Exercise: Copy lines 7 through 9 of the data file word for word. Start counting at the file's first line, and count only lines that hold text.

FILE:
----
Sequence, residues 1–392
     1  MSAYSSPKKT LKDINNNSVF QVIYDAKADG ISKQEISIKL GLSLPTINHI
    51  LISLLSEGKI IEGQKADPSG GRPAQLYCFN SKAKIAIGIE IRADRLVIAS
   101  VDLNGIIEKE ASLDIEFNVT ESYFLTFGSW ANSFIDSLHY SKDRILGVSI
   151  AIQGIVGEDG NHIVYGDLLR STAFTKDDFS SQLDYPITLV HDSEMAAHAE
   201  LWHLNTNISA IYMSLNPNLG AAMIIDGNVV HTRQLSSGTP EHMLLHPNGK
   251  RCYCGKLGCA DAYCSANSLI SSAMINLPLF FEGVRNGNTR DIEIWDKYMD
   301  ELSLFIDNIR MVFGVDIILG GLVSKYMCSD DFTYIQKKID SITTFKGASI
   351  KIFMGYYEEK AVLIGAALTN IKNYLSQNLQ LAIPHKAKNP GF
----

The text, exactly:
   251  RCYCGKLGCA DAYCSANSLI SSAMINLPLF FEGVRNGNTR DIEIWDKYMD
   301  ELSLFIDNIR MVFGVDIILG GLVSKYMCSD DFTYIQKKID SITTFKGASI
   351  KIFMGYYEEK AVLIGAALTN IKNYLSQNLQ LAIPHKAKNP GF